Best Original Song – 1973

Official Nominations: The Way We Were (The Way We Were). Nice To Be Around (Cinderella Liberty). Live And Let Die (Live And Let Die). Love (Robin Hood). All That Love Went To Waste (A Touch Of Class).

The Way We Were was the winner this year, of course they would pick that, and it has gone down in history as one of the most popular movie ballads. It’s saccharine muck, and I’ve never been a fan of Streisand’s wailing. You can’t deny its tearjerking power – with a different singer and a less 70s production I’d like it more. Cinderella Liberty deserves a better song – the lyrics are strong but the lazy jazz and drawling melodies do little for me. Things pick up in the chorus, but barely. Love is such a lazy title and it’s a song which harks back to the Disney ballads of the past, the dreary string sections are there but updated, there’s an experimental feel to some of the backing guitar and flute stuff, and while it’s all designed to be dreamy, the melodies fall flat. Maddie Bell does her best with Love Went To Waste, but alas it’s too sleepy and melodically dry to affect me. Live And Let Die is the clear winner here, packed with impact, force, speed, and the melodies scream out of the speakers – I still prefer the Guns ‘n’ Roses version though.

My Winner: Live And Let Die

My Nominations: Live And Let Die. The Love Doctor (Cleopatra Jones). Whistle Stop (Robin Hood). Willow’s Song (The Wicker Man). The Way We Were.

Only the official winner and my winner survive to my list of nominations, although Robin Hood returns with a different song selection. Whistle Stop is by far the most memorable song from Robin Hood and while it’s barely even a song it is the one I have the most fondness for and frequently find myself whistling. In fact, any time the movie is mentioned it’s the first thing to enter my head. As the theme for the songs this year seems to be ‘love’, I add The Love Doctor from Cleopatra Jones. Millie Jackson records another Motown Hit – it’s pretty generic as far as the genre goes, but that doesn’t stop it being catchy and apparently the inspiration for the Manics’ It’s Not War Just The End Of Love. Finally, one of the most haunting and memorable moments from a movie known for several, is Willow’s Song – coming as Britt Ekland’s character cavorts naked in her room to the repressed distress of Edward Woodward. It’s one of horror’s finest songs, and much stronger than most of the official nominees.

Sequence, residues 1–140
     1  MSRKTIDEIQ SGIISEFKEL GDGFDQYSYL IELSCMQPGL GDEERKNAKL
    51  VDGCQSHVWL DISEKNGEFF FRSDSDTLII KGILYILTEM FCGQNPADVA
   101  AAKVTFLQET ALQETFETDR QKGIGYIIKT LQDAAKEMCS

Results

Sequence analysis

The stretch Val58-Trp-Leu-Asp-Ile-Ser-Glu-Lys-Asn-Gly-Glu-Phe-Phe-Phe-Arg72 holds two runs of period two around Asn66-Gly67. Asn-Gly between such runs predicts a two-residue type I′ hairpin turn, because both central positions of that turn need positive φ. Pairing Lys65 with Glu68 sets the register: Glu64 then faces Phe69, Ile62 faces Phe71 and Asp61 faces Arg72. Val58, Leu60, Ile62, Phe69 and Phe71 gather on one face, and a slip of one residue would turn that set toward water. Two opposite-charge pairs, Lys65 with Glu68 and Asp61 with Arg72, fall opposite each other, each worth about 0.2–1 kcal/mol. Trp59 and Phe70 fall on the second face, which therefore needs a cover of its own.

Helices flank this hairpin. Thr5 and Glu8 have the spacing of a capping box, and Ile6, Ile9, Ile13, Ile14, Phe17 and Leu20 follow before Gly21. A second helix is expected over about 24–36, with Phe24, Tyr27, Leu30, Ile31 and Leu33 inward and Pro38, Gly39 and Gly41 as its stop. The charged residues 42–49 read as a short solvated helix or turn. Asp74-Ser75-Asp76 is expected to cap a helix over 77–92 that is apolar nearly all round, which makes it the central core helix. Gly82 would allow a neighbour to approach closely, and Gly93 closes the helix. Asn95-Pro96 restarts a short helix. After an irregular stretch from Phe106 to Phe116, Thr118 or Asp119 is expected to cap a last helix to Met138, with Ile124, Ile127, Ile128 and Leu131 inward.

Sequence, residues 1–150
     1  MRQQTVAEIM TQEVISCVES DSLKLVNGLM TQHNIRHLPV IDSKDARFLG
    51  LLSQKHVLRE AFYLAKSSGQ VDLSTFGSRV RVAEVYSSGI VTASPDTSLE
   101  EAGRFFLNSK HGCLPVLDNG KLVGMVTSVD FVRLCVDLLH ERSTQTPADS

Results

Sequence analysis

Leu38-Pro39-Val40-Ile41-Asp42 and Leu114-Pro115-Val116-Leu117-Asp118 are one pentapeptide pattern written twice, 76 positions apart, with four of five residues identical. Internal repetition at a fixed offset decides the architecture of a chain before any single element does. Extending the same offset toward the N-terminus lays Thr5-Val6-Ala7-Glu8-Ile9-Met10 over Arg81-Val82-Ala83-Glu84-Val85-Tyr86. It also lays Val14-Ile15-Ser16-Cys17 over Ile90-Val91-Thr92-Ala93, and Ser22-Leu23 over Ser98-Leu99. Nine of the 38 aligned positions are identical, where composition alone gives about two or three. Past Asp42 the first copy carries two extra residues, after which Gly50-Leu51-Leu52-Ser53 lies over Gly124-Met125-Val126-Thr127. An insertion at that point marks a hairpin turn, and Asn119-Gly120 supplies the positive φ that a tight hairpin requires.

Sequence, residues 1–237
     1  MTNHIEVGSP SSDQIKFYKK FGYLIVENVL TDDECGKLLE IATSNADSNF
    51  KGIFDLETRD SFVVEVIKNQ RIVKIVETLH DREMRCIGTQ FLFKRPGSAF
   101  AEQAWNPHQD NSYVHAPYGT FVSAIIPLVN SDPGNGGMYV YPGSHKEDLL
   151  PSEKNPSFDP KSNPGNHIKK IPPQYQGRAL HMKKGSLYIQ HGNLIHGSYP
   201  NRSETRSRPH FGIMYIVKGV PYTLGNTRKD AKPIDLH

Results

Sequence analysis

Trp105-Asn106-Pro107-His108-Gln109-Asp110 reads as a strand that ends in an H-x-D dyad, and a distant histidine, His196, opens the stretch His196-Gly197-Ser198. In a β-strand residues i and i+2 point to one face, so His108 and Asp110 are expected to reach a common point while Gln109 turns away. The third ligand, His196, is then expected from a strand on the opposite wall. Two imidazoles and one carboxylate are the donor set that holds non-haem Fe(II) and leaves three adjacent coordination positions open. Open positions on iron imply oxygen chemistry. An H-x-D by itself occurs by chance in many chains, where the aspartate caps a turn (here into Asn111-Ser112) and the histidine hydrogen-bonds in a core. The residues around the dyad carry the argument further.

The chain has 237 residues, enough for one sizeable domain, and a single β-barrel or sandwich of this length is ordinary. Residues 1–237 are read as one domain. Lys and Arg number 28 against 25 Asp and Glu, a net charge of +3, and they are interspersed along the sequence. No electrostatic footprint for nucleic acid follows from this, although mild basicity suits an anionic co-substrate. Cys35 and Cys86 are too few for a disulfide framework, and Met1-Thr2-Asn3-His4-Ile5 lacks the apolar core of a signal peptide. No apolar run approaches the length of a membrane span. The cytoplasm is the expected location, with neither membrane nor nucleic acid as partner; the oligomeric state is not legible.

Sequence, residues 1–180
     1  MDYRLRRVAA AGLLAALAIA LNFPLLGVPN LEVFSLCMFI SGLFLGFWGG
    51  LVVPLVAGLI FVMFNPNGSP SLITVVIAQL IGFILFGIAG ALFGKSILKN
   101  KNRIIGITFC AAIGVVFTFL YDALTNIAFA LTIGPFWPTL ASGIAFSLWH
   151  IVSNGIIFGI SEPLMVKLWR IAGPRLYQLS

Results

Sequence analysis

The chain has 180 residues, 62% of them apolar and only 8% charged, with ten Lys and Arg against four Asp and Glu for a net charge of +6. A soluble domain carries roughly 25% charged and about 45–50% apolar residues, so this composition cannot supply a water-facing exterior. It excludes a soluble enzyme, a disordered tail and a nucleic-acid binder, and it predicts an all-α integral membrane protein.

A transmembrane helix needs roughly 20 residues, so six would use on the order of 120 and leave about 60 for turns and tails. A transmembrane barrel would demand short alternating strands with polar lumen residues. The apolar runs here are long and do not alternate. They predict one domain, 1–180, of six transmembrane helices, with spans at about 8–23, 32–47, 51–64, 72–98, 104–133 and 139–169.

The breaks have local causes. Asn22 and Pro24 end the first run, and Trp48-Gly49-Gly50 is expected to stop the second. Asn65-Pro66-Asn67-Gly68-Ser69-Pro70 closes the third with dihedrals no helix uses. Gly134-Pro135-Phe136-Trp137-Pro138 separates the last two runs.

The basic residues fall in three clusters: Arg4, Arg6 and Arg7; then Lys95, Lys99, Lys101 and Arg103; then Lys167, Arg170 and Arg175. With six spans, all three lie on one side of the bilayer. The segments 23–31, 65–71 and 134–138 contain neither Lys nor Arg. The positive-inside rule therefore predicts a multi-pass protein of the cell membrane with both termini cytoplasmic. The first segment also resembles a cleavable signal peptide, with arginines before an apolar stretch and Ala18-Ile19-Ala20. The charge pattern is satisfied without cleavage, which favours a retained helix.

My Winner: Live And Let Die

Let us know in the comments which song you pick as winner!

Live And Let Die

Live And Let Die

My personal favourite Bond Movie (largely because of nostalgia) and along with Moonraker, the most bizarre outing for the secret agent. Where Moonraker failed though, Live And Let Die succeeds. There are good set pieces, fights, girls, funny moments (not as over the top as they would become) and unusually for a Bond film, it is actually quite scary in parts, especially for the younger viewer.

When Bond is sent to America to investigate the deaths of several British Agents, his search leads him to Mr Big, a Harlem crime lord. With further investigation, Bond finds a drug-smuggling link between Mr Big, and Dr. Kananga, a mysterious man from a Caribbean island. Bond flies to Kananga’s island to stop the massive Heroin dealing. There he meets the beautiful Solitaire played wonderfully by Jane Seymour, a virgin who has been enslaved by Kananga as her mystical powers bring him success. Bond soon finds himself entwined in voodoo forces he can barely fight, and struggles to complete his mission.

Plenty of stunts and action sequences, chases and humour make this an instant Bond classic, but the characters and performances of Yaphet Kotto and his various goons make it one of the best. Tee Hee is mysterious, Whisper is memorable, and Baron Samedi is a strong Villain as he seems to be immortal. This marks the appearance of Sheriif GW, and his comic escapades which are either annoying or very funny depending on your point of view. Moore gives a good performance, bringing the series in a different direction, and Seymour is one of the most beautiful Bond girls. There are many memorable moments, including the famous train fight, and Kananga’s explosive end. Probably the most scary Bond film so far, in fact there has not been another one like it, and when i was young it was always the one i most looked forward to seeing. There are flaws- it does have more slapstick humour than previous outings and Bond does not seem as tragic or cold a character as before.

The features, like all of the Ultimate Editions are excellent, along with impressive picture and sound restoration work. There are trailers, documentaries, and an interesting early sight of Moore as Bond.

Feel free to leave your comments on the movie and review- is this one of your favourite Bond films or do you think it’s another embarrassing Moore outing? Don’t forget to check out my other Bond reviews in the DVD section.